Should and ought to have similar meanings, but ought is followed by “to” “Ought to” has a more objective force and is used when we are talking about laws, duties and regulations.
Ex. We ought to see her tomorrow.
6. Must is used to give strong advice or orders.
Ex. He really must stop drinking.
7. Do is used to make question and negative forms of ordinary verbs.
Ex. Do you know him?
I don’t like swimming.
“Do” is always used in question-tags.
Ex. You know painting, do you?
Quiz based on above concepts: 
Directions: In the following questions, some of the sentences have errors and some have none. Find out which part of the sentence has an error. If there is no mistake, the answer is ‘No error’.
1. Many a student (a)/ are frustrated (b)/ because of unemployment. (c)/ No error (d)
2. It is true (a)/ that the poor is unable (b)/ to get nourishing food even today. (c)/ No error (d)
3. People have a right to criticise (a)/ but at the same time each of them (b)/ have to remember his duty also. (c)/ No error (d)
4. The child (a)/ picked up a burned paper (b)/ from the street. (c)/ No error (d)
5. Never did this exhibition of contempt and anger ceased (a)/ so long as British rule remained (b)/ a live thing in India. (c)/ No error (d)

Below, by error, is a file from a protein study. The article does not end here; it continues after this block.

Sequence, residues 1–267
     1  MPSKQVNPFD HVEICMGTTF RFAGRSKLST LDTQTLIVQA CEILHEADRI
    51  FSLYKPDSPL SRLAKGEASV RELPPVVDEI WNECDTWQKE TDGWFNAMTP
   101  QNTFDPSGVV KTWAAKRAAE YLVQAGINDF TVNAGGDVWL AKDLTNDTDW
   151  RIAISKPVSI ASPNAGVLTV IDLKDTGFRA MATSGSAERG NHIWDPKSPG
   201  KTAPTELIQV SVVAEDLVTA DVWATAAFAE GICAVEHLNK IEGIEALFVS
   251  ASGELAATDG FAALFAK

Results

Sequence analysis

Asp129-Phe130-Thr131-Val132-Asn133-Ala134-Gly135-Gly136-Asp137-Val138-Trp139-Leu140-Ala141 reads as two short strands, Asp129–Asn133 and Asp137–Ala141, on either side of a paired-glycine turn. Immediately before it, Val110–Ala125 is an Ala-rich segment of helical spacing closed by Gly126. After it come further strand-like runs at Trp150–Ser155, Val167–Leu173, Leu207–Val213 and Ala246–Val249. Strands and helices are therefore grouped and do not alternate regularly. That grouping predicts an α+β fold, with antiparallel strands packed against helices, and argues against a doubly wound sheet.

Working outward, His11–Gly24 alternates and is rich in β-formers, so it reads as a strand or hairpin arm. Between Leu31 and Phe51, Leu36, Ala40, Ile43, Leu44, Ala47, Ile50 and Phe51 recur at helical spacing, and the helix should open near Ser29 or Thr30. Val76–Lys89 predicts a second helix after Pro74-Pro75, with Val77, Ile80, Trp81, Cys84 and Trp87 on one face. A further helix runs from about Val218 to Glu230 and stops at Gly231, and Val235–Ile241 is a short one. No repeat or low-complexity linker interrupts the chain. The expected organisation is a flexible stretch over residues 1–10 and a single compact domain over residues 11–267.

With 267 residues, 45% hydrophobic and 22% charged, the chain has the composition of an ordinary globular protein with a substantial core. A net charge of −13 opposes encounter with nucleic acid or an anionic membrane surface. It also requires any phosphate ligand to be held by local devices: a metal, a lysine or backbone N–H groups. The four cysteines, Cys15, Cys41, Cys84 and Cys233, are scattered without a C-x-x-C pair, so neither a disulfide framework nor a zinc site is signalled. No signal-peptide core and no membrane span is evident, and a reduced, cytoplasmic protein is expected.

6. The teacher was angry (a)/ when he found that (b)/ you are not there. (c)/ No error (d)
7. I would like you to (a)/ complete this assignment (b) before you will leave for Mumbai. (c)/ No error (d)
8. Ordinarily, when in difficulty (a)/ Ruchi prefers keeping her counsel (b)/ than running about taking advice. (c)/ No error (d)
9. One of the drawbacks (a)/ of modern education are (b)/ that it does not encourage original thinking. (c)/ No error (d)
10. I enquired of him (a)/ why he is so negligent (b)/ in his studies. (c)/ No error (d)


1. b; Replace ‘are’ with ‘is’
‘Many a’ takes singular subject and singular verb.
2. b; Replace ‘is’ with ‘are’
Here, ‘poor’ stands for ‘poor people’.
3. c; Replace ‘have’ with ‘has’
4. b; Replace ‘burned’ with ‘burnt’
5. a; Replace ‘ceased’ with ‘cease’
6. c; Replace ‘are’ with ‘were’
7. c; Remove ‘will’
8. c; Replace “than” with “to”
9. b; Replace ‘are’ with ‘is’

10. b; Replace ‘is’ with ‘was’